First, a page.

Posted in History, Middle Grade, Non-Fiction, Non-fiction, Tween Reads, Women's History

Celebrate Latinitas!

Latinitas: Celebrating 40 Big Dreamers, by Juliet Menéndez, (Feb. 2021, Henry Holt), $18.99, ISBN: 9781250234629

Ages 8-12

This collection of biographies shines a light on 40 Latinx women from Latin America and the U.S. who have made outstanding contributions across the board: activists and advocates, educators, musicians, scientists, artists, politicians, and so many more. Some names will be familiar: Pura Belpré, Frida Kahlo, and Sonia Sotomayor are all here, as are names that will be new to many readers, like Rosa Peña de González, who built schools for girls in Paraguay; playwright and congresswoman Gumercinda Páez, who helped draft Panama’s new constitution in 1941, with an eye to Afro-Latinx rights and women’s rights; and Wanda Díaz-Merced, a blind astrophysicist who turned data points into rhythm and sound in order to create a “symphony of sounds for the stars, planets, and asteroids”. The women are outstanding, and this collection of stories should be the tip of the iceberg for more research. Hand-painted illustrations have beautiful folk art feel. Endpapers feature additional artwork with flowers representing each of the countries represented in the book. An inspiring collection with comprehensive back matter that includes brief looks at an additional 10 Latin women and full sources.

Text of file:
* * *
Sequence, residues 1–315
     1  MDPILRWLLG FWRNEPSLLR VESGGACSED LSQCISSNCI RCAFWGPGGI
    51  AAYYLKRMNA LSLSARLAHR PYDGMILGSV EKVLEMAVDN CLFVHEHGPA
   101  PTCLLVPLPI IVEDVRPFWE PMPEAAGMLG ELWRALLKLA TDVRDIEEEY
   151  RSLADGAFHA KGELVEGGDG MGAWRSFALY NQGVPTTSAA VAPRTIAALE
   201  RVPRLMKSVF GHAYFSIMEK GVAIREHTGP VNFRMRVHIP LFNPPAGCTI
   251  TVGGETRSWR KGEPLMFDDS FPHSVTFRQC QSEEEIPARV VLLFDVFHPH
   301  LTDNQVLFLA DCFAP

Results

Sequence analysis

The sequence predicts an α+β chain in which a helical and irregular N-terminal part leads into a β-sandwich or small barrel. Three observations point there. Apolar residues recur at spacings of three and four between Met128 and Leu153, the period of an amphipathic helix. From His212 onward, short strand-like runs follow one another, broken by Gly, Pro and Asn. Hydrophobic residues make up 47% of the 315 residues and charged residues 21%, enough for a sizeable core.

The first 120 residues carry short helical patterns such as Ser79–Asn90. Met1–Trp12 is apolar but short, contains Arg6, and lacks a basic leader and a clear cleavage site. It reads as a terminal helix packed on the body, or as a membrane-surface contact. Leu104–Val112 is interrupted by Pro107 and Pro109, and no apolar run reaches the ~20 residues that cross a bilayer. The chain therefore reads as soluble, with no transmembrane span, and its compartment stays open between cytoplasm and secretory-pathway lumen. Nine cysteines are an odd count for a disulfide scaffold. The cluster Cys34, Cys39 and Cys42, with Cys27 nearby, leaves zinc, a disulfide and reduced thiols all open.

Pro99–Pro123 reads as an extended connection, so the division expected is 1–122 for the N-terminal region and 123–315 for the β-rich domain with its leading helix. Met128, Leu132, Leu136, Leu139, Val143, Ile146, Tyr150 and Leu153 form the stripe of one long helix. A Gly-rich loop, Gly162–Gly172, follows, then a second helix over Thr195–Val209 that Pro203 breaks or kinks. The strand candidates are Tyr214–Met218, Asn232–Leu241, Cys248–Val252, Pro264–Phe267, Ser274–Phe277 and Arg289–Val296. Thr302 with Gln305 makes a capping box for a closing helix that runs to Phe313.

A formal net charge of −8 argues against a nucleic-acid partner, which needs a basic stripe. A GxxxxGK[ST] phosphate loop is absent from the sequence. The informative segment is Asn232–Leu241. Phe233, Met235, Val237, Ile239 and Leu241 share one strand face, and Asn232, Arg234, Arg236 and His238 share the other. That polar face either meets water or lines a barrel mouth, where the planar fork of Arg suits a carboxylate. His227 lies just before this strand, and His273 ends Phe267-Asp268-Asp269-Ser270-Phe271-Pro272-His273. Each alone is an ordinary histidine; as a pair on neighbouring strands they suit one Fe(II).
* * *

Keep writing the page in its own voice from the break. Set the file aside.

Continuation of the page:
Latinitas has a starred review from Kirkus. Get a free activity kit and read a Q&A with author-illustrator Juliet Menéndez. Visit Juliet Menéndez’s author website to see more of her gorgeous artwork and more information about her books.

Posted in Fantasy, Historical Fiction, History, Teen, Tween Reads, Young Adult/New Adult

Tween and Teen Fiction that keeps readers on the edge of their seats

I’m at that odd moment when my TBR and my HBR (have been read) piles are toppling. Which is a good problem to have, don’t get me wrong, it’s just that I’m constantly catching up to something, be it reading or reviews. Let’s take a look at some YA, including a book that’s being touted for middle grade, but I feel would work much better for older tweens/teens.

 

They Threw Us Away, by Daniel Kraus/Illustrated by Rovina Kai, (Sept. 2020, Henry Holt BYR), $16.99, ISBN: 9781250224408

Ages 12+

I’m going to kick things off with the book I feel is better for older tweens. They Threw Us Away is being billed as “Lord of the Flies meets Toy Story”, and it’s a pretty accurate description. A blue teddy bear wakes up in a garbage dump and frees himself; he notes his name tag, which says his name is Buddy, and he sees other boxes of teddies on the pile and works to free the others before rats, seagulls, or a terrifying machine gets to them. Together, Buddy and the other teddies – Sunny, Sugar, Horace, and Reginald – put their memories together: they were in the Store, waiting for children to take them home and love them. Once they are loved by a child, teddies fall into the Forever Sleep. So what happened? The group sets out to get some answers, but they learn that the world is a scary place; even scarier than the Dump, and that the answers they seek may not be the answers they want to hear.